Make no mistake: this pandemic is the "rainy day" DAFs and foundations have been saving for.
Bernie’s Right: Three Billionaires Really Do Have More Wealth Than Half of America
And in addition to the 3 billionaires Bernie mentioned, we should also be worried about the expanding fortunes of multi-generational wealth dynasties.
Blogging Our Great Divide
June 28, 2019
The wealthiest 3 billionaires in the U.S. – Jeff Bezos, Bill Gates and Warren Buffett — now have as much wealth as the bottom half of the U.S. population combined.
Those were the first words spoken at last night’s 2020 Democratic Debate, citing a wealth inequality study by the Institute for Policy Studies.
In fact, Sen. Bernie Sanders mentioned the study, Billionaire Bonanza, several times during the debate.
These extreme levels of wealth inequality are possible, in part, because the bottom fifth of U.S. households are underwater, with zero or negative net worth. And the next fifth has so few assets to fall back on that they live in fear of destitution.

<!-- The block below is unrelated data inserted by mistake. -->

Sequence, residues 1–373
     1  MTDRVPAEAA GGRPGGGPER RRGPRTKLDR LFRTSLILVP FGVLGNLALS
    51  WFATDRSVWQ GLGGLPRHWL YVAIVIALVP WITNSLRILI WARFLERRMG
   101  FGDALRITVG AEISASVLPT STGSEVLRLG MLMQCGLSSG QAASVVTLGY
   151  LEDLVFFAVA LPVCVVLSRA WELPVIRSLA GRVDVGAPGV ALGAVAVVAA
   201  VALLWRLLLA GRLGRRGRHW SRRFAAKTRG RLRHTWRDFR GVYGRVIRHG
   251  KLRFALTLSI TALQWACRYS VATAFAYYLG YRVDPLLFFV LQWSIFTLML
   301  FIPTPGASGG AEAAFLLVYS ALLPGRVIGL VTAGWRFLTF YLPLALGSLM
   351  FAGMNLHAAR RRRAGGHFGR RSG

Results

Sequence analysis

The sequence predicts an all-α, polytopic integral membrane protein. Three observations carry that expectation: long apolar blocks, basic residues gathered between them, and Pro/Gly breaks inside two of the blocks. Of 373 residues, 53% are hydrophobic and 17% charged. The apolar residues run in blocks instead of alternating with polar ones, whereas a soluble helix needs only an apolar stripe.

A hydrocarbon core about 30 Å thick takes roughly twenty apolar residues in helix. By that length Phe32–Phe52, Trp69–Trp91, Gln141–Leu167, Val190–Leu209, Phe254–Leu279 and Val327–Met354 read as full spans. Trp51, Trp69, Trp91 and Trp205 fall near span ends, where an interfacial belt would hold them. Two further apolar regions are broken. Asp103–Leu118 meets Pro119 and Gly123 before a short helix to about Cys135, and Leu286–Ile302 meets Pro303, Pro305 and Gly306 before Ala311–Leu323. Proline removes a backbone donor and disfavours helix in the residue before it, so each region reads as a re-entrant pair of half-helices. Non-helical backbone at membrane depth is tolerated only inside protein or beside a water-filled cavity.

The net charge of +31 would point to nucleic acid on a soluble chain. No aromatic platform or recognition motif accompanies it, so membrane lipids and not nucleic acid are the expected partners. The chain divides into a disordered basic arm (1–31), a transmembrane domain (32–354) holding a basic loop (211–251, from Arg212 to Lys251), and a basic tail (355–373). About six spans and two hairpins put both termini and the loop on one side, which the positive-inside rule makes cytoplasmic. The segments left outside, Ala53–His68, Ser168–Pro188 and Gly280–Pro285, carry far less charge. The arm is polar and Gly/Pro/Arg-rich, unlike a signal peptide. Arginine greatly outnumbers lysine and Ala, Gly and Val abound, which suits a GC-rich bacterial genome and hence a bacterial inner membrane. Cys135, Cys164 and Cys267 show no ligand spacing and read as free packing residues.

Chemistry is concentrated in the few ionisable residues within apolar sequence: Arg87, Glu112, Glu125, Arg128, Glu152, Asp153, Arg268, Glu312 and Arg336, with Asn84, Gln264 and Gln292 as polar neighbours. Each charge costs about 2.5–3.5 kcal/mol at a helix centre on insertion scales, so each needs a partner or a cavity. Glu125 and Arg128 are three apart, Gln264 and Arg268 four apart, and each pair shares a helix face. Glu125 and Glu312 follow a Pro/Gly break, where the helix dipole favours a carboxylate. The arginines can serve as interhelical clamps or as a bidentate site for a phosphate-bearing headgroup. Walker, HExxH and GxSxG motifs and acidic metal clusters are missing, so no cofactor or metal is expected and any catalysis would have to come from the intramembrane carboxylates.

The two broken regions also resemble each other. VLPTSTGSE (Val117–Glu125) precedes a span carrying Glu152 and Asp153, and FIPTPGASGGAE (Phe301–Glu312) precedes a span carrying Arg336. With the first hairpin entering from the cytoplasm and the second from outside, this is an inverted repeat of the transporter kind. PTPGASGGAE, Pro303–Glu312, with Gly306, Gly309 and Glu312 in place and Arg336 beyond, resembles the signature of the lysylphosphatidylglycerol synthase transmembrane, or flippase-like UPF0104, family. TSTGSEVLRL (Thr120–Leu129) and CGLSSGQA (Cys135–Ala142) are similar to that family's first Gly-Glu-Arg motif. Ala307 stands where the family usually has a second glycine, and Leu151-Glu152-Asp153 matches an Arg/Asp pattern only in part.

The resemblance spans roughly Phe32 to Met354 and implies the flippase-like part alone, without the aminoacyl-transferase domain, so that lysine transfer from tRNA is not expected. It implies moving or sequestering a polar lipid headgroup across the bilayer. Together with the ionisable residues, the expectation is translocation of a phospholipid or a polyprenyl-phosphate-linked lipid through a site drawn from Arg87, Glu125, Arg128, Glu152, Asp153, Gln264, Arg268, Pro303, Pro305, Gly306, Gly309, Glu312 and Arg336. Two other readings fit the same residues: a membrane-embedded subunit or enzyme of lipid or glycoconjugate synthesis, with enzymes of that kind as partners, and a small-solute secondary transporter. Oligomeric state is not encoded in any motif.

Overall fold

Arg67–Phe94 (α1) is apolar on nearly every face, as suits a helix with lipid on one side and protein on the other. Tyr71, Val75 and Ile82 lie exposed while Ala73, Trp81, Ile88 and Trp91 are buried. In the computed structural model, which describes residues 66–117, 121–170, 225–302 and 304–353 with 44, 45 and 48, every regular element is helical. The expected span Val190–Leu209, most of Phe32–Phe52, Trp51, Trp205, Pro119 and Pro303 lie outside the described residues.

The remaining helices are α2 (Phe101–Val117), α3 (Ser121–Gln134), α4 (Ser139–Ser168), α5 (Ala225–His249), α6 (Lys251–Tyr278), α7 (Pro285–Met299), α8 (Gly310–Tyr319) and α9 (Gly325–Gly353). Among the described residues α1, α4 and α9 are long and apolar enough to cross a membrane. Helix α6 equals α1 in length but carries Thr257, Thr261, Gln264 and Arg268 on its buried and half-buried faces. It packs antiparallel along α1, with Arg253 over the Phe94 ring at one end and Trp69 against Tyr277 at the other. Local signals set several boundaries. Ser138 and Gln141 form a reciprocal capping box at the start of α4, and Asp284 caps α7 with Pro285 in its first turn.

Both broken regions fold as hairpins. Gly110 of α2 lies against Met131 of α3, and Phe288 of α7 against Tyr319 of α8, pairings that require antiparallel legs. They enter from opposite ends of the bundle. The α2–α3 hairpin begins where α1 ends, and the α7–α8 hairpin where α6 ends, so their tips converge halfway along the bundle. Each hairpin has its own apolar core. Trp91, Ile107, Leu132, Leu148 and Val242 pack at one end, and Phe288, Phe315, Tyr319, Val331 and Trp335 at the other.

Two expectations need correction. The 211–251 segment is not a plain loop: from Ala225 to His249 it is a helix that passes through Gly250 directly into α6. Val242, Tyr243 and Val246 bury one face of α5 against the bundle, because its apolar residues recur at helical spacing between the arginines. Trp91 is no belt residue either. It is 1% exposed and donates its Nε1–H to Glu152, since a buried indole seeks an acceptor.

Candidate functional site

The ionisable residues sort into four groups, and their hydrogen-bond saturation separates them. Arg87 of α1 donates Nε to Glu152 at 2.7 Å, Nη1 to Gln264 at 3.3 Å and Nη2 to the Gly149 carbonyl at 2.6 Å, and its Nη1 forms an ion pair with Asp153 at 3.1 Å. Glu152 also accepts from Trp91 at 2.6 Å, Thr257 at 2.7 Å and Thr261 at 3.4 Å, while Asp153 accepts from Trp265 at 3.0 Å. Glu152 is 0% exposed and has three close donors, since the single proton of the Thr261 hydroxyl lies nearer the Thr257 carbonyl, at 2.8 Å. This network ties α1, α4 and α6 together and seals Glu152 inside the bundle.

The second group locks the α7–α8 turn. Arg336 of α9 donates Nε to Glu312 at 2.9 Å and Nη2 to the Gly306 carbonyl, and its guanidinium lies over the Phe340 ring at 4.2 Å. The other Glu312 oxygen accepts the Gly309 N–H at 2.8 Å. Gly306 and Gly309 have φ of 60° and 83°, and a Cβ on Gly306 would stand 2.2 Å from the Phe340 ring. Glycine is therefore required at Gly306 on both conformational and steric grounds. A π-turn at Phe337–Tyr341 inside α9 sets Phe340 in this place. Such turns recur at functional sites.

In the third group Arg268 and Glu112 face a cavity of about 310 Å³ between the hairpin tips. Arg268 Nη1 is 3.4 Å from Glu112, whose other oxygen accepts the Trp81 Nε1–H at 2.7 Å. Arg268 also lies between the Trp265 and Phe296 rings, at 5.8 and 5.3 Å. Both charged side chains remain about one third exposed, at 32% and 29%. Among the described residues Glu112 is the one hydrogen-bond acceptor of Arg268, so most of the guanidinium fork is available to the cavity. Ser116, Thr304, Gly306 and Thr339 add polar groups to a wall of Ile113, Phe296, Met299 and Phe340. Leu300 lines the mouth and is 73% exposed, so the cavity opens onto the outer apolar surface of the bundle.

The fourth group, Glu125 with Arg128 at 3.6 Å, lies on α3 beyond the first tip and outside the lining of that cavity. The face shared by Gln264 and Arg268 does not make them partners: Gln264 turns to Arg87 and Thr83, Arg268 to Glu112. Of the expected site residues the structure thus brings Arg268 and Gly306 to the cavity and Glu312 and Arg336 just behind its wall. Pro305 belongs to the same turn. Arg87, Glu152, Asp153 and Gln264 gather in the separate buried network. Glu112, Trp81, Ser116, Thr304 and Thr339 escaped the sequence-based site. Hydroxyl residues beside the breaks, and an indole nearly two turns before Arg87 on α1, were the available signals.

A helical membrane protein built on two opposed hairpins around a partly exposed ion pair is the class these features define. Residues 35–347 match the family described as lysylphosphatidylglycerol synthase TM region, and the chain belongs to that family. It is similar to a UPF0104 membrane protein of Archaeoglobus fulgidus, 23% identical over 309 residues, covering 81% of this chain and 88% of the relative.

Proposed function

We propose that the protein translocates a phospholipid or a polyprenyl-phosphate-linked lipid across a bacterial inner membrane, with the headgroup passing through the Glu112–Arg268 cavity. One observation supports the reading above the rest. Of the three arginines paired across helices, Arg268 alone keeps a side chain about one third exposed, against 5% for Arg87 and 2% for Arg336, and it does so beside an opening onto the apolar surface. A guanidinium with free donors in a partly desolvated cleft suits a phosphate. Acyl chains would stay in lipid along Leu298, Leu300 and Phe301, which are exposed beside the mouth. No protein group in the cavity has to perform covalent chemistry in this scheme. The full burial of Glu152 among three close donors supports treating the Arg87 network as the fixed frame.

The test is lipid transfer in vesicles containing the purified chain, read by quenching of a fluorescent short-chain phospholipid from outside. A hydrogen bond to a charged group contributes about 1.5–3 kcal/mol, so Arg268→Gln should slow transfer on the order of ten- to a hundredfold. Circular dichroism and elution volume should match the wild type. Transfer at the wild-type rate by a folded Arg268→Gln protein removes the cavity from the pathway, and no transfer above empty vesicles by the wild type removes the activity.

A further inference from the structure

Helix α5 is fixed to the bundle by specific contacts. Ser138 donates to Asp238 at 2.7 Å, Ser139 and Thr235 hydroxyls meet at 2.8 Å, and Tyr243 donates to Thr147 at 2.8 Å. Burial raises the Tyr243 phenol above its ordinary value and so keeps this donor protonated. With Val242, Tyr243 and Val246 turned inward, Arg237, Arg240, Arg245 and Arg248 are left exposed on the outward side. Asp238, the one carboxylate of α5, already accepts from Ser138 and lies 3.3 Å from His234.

“We’re developing into a plutocracy,” said former Federal Reserve Chairman Paul Volcker.
Some more powerful IPS statistics from our latest edition of Billionaire Bonanza: One troubling indicator that we are drifting toward a society governed by the wealthy is the expanding fortunes of multi-generational wealth dynasties.
The three wealthiest U.S. families are the Walton’s of Walmart, the Mars candy family, and the Koch brothers, heirs to the country’s second largest private company, the energy conglomerate Koch Industries. These are all enterprises built by the grandparents and parents of today’s wealthy heirs and heiresses.
These three families own a combined fortune of $348.7 billion, which is four million times the median wealth of a U.S. family.
Since 1982, these three families have seen their wealth increase nearly 6,000 percent, factoring in inflation. Meanwhile, the median household wealth went down 3 percent over the same period.
The dynastic wealth of the Walton family grew from $690 million in 1982 (or $1.81 billion in 2018 dollars) to $169.7 billion in 2018, a mind-numbing increase of 9,257 percent.